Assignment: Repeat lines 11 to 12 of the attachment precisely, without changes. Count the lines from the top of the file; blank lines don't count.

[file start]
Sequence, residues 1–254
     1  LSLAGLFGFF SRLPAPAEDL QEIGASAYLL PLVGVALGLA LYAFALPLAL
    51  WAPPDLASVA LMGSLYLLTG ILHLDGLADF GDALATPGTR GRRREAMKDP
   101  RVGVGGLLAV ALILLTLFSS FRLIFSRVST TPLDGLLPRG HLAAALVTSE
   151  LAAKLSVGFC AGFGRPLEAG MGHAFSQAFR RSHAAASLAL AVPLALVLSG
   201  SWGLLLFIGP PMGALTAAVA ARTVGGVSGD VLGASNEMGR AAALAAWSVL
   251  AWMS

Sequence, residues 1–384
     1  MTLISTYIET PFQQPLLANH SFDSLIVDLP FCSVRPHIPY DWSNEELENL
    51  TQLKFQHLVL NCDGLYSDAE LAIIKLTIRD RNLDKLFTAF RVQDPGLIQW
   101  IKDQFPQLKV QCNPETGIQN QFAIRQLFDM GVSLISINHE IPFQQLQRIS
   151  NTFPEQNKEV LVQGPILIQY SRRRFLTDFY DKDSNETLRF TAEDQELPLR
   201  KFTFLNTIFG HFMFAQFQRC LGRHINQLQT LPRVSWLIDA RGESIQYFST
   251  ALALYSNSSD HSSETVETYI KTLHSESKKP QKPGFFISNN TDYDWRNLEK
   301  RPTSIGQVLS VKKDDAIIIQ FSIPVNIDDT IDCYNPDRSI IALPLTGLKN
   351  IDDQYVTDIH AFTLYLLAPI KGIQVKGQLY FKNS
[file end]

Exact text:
   101  IKDQFPQLKV QCNPETGIQN QFAIRQLFDM GVSLISINHE IPFQQLQRIS
   151  NTFPEQNKEV LVQGPILIQY SRRRFLTDFY DKDSNETLRF TAEDQELPLR